Postconcussion Syndrome

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A concussion is a type of traumatic brain injury that can affect the way your brain works. In most cases, concussions resolve within hours or days of the injury. Postconcussion syndrome (PCS) refers to continued symptoms of mild traumatic brain injury. It often resolves within a month, but sometimes the symptoms persist for much longer.

PCS symptoms vary from person-to-person. PCS may cause:

  • Headaches
  • Lightheadedness
  • Balance problems
  • Nausea
  • Vision problems
  • Sensitivity to noise and/or light
  • Depression
  • Mood swings
  • Anxiety
  • Irritability
  • Memory problems
  • Concentration problems
  • Trouble sleeping
  • Tiredness


The brain damage caused by a mild brain injury is so slight that most tests cannot detect it. Your doctor may perform tests that include:

  • Memory and attention tests
  • Sports concussion assessment tool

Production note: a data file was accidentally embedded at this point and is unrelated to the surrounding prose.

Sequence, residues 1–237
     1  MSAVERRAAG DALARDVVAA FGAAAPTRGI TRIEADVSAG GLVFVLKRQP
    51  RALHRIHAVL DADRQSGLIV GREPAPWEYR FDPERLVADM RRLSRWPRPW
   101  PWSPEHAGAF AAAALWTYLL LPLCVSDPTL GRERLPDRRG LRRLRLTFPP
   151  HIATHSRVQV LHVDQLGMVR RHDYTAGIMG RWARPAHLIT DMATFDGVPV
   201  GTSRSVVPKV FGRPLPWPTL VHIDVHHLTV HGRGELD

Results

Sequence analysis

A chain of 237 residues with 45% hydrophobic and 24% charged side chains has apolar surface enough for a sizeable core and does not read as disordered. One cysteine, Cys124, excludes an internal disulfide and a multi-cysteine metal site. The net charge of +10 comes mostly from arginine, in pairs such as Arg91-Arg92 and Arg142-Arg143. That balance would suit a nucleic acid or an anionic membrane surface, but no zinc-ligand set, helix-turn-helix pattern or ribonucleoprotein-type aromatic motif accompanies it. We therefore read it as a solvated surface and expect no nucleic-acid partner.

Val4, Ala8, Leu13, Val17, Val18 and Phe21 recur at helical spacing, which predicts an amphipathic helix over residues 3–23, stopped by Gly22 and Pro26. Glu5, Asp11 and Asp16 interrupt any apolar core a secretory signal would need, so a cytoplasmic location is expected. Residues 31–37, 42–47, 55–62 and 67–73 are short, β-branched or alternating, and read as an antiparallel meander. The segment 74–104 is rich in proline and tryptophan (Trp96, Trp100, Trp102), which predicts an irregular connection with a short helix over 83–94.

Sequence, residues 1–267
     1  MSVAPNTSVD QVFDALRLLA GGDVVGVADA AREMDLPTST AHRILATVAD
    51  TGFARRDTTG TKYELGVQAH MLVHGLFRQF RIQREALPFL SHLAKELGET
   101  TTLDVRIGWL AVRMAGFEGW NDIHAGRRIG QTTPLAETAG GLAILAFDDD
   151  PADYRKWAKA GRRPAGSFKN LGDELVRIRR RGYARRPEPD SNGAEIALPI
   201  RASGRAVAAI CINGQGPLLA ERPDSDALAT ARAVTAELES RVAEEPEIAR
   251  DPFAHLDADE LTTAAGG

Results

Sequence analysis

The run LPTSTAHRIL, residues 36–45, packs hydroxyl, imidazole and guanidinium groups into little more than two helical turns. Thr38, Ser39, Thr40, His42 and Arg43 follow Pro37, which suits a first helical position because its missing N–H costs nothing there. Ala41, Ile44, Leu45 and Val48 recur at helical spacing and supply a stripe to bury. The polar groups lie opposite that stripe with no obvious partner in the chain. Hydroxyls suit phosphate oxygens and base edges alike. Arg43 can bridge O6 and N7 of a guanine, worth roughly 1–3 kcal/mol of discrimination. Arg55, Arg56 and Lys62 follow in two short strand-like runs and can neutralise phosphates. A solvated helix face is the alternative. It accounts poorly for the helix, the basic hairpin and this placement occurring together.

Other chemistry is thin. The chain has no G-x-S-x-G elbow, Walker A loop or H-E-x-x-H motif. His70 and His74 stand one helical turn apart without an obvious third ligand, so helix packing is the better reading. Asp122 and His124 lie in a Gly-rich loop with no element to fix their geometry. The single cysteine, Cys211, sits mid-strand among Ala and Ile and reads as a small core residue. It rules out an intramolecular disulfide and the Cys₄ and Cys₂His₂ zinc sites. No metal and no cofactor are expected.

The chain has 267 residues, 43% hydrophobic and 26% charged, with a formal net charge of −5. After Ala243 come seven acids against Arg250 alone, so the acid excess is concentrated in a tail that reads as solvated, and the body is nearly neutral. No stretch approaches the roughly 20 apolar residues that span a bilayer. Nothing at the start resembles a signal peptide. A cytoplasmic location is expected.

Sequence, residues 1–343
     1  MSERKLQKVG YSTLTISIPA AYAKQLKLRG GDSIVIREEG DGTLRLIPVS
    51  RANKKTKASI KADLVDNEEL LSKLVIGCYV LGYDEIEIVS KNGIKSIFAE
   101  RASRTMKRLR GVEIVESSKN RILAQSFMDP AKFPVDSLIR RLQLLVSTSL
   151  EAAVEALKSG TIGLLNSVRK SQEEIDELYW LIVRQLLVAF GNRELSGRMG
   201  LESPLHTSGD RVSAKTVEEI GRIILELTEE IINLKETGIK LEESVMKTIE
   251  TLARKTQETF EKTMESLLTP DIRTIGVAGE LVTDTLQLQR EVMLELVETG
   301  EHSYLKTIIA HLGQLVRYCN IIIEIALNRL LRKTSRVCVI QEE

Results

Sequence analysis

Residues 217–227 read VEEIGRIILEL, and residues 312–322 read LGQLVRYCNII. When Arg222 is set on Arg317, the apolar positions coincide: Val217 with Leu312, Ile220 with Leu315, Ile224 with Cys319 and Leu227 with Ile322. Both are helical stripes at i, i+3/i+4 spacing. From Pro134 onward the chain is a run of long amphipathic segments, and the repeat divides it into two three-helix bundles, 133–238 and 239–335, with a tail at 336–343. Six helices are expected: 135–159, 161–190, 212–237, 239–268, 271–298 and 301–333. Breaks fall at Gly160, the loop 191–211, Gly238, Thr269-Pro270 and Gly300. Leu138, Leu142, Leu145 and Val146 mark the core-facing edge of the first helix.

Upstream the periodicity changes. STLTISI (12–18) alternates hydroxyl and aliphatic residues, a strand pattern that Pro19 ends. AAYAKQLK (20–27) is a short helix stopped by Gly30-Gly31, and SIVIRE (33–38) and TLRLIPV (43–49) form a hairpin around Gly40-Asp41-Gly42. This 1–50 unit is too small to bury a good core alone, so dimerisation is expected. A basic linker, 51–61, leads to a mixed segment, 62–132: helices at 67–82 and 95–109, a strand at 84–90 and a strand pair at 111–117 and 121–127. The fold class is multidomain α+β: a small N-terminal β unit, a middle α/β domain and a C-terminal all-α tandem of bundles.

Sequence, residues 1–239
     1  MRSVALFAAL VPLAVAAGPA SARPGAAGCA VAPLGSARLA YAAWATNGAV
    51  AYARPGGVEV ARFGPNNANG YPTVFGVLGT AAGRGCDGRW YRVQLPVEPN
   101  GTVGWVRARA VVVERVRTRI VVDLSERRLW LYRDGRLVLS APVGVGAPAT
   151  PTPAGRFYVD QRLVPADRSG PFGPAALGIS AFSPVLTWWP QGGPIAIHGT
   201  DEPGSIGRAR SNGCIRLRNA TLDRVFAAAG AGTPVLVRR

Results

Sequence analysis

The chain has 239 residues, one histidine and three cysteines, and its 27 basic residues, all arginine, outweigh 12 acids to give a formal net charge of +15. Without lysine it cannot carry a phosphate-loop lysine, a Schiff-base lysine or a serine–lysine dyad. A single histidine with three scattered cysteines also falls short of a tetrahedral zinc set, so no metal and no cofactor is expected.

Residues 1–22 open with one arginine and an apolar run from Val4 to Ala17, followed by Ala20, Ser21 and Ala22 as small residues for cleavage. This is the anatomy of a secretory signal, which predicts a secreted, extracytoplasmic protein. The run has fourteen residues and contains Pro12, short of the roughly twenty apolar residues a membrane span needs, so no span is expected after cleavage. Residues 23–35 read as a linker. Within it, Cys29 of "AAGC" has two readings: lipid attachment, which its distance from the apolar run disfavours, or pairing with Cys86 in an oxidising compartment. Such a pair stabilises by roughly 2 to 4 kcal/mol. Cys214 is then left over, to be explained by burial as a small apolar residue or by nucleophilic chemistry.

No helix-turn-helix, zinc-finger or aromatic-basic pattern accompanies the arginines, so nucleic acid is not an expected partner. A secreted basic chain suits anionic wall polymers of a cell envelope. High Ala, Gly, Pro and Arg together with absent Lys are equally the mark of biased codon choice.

• Electroencephalogram (EEG) to look for abnormal brain electrical activity

Your doctor may also take pictures of your internal body structures with:

  • CT scans
  • MRI scans


Treatment depends on the severity and length of time of your symptoms.


Your doctor may recommend:

  • Pain relievers
  • Antidepressants
  • Nerve blocks

Psychological Treatment

Your doctor may refer you to a therapist to talk about your problems related to PCS and to learn how to cope with those problems.


Neurotherapy, also called biofeedback, is a painless treatment that uses computers to help you learn how to modify your brainwaves to improve attention and memory.


In some cases, a collection of blood in an area of bruising on the brain may require surgery, which may help resolve or improve symptoms.


Content was created using EBSCO’s Health Library. Edits to original content made by Rector and Visitors of the University of Virginia. This information is not a substitute for professional medical advice.